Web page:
Unidentified wooden boat which was found in tREUTERS/Kyodo

Fishing boats carrying decomposed corpses have washed ashore in Japan in recent weeks, leading to speculation they are rickety North Korean vessels that have strayed dangerously far from port under the impoverished nation's push to boost its catch.

There has been no mention from secretive North Korea of any missing boats, but its leader, Kim Jong Un, has put a high priority on fishing as a way of earning foreign currency and providing a sustainable food source that is not reliant on harvests and weather.

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Defectors and experts say fishing boats under the command of the Korean People's Army may have succumbed under pressure from Kim to catch more fish, drifting off course and ill-equipped for rough seas.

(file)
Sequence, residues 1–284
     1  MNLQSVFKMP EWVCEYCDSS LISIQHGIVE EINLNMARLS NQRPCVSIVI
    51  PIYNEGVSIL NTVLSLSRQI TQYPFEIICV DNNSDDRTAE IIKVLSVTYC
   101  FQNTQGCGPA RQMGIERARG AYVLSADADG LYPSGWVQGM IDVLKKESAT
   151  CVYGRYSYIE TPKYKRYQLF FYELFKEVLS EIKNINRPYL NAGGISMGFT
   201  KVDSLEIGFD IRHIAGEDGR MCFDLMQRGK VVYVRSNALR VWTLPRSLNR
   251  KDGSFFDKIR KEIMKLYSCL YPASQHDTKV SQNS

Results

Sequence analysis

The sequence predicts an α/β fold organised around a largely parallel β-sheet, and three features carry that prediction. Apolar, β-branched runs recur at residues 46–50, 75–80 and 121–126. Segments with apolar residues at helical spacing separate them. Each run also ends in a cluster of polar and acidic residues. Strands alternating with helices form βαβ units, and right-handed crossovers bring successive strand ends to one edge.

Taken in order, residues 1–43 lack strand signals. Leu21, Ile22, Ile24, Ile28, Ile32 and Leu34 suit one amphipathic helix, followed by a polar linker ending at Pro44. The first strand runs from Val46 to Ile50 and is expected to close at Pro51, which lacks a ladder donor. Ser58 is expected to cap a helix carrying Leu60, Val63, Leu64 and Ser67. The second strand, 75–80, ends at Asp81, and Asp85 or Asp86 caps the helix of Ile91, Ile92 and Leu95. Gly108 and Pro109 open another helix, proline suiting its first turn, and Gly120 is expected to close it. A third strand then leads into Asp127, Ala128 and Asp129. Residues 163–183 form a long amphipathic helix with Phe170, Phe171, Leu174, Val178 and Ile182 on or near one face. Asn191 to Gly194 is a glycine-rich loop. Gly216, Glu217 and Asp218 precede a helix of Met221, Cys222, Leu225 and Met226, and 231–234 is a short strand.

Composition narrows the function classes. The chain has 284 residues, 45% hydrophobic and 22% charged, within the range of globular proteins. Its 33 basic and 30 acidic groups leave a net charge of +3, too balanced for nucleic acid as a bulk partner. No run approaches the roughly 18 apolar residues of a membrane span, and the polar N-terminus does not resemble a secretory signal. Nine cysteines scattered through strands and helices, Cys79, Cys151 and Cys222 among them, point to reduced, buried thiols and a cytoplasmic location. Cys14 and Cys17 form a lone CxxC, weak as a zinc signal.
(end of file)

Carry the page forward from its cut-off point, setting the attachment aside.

"Kim Jong Un has been promoting the fisheries, which could explain why there are more fishing boats going out," said Kim Do-hoon, a professor of fisheries science at Bukyong National University in Busan. "But North Korean boats perform really poorly, with bad engines, risking lives to go far to catch more. Sometimes they drift and fishermen starve to death."

The Japanese coast guard and police reported 12 incidents of wrecked wooden boats, including some that were in pieces, on the country's shores and waters since October, containing 22 dead bodies, including five skulls.

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TV images of some of the boats showed relatively large but otherwise primitive-looking motorized craft and the coast guard said they did not have GPS navigation systems. Those aboard could have died of starvation and exposure to the cold after getting lost.

Although Japan's Meteorological Agency said there was not unusually bad weather in the Sea of Japan this November, the waters are rougher at this time of year due to the onset of cold, northwesterly winds.

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